Guide

Exporting to Asia-Pacific

Transport, logistics and infrastructure in Asia-Pacific

The distances involved in trading with the Asia Pacific region mean you will have to think carefully about transport and communications issues.

Transport and logistics

The best way to transport your goods depends on what sort of goods they are and how soon they need to arrive. Your products may have long journeys using many methods of transport, for example road, sea, air and river.

However, as the region is based around the Pacific Ocean, sea transport is an easy and popular form of transport to arrange. Key sea ports in the region include Shanghai, Yokohama, Guanghzou, Hong Kong, Brisbane and Darwin. All also have air travel hubs nearby.

You could use a specialist freight forwarder to transport your goods. They can pack your goods with other deliveries in a single container to reduce costs. Find out whether they can handle the necessary documentation and Customs procedures on your behalf.

Depending on the contract, you may need insurance. Marine insurance companies can cover transport by sea, but also by air, road or rail.

Factor in the time it will take your products to arrive at their destination. Shipping from Europe to China, Japan, Taiwan or Australia can take up to 50 days to arrive in port, depending on the freight forwarder arrangement. You then have to consider the time it will take to clear Customs and make the final journey. You should get a freight forwarder to provide a time estimate before agreeing a delivery timescale with your customer. Read more about international transport and distribution.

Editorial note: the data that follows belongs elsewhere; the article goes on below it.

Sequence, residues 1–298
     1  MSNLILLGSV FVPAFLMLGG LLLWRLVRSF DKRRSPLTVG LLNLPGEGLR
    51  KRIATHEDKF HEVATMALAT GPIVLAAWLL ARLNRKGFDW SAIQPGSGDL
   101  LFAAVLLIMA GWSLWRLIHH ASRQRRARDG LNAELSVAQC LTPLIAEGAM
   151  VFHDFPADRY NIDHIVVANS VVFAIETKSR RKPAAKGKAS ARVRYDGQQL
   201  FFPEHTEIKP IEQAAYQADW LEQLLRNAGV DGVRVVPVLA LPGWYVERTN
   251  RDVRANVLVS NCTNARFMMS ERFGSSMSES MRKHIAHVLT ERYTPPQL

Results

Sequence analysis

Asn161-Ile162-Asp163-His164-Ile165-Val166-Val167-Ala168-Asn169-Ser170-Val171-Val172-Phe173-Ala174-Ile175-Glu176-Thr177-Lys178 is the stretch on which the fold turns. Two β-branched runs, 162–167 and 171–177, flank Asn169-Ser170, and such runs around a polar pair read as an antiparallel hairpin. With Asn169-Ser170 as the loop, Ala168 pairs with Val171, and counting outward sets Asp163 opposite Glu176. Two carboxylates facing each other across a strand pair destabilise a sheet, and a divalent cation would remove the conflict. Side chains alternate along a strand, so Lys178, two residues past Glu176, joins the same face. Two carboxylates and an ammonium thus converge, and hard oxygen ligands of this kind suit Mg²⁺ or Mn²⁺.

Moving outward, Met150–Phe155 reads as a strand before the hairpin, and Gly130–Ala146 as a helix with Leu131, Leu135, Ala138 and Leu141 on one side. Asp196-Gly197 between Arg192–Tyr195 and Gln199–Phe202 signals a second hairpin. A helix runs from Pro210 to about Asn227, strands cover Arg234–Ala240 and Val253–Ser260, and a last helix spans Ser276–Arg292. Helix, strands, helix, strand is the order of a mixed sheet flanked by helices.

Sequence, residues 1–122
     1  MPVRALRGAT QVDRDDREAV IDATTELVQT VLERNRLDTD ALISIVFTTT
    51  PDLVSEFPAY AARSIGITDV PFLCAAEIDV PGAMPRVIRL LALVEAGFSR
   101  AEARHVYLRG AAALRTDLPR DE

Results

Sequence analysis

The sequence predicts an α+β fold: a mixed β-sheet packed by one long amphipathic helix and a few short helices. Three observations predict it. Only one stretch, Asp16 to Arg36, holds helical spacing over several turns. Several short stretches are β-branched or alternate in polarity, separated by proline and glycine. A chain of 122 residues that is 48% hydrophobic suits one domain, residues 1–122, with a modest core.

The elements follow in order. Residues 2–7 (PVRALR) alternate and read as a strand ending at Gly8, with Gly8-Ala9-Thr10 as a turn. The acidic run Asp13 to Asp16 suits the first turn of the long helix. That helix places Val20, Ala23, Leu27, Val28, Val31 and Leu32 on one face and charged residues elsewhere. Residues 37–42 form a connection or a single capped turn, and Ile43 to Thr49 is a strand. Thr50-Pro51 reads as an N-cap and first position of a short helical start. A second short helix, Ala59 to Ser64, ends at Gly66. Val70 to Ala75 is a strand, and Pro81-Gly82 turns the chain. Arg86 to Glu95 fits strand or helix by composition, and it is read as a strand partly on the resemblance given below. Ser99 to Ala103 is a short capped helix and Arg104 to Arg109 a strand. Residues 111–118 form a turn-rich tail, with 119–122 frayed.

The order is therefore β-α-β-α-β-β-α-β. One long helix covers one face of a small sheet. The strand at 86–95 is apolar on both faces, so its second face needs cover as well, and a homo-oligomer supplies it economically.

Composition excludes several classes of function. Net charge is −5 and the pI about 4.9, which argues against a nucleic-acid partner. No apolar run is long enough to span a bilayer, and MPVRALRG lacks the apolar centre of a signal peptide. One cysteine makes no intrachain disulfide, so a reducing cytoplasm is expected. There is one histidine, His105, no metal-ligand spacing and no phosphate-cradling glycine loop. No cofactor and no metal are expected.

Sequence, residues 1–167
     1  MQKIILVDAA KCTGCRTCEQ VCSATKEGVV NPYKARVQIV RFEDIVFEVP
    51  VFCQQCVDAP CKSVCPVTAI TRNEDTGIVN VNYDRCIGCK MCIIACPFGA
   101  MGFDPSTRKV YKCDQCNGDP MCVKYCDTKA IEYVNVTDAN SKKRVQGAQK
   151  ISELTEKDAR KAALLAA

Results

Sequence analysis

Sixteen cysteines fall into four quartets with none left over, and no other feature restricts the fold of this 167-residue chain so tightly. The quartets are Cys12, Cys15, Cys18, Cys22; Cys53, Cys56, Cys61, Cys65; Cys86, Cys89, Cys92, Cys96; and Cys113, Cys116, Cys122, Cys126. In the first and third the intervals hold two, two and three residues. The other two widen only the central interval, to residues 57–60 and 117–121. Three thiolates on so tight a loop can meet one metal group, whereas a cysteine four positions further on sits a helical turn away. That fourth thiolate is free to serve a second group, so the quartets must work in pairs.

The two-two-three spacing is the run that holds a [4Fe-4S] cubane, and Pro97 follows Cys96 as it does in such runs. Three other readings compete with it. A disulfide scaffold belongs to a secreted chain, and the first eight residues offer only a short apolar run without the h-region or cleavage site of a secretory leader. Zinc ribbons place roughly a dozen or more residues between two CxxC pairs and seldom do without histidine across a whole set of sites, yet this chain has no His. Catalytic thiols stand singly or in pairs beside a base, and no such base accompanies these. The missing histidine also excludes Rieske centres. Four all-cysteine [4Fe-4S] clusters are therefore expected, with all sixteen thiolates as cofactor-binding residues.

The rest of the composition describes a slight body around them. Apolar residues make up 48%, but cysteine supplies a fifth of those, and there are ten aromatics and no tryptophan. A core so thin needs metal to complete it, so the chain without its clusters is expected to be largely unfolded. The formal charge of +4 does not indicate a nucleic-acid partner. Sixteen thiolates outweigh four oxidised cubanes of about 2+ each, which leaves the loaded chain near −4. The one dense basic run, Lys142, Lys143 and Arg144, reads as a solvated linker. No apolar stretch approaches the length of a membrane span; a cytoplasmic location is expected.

Communications

The sophistication of communications systems, such as telephone and internet access, varies hugely across the Asia Pacific region. Hi-tech economies such as Japan have a similar communications infrastructure to Northern Ireland. In other areas, such as Vietnam, facilities are more basic. Read more about the communications infrastructure in your target market.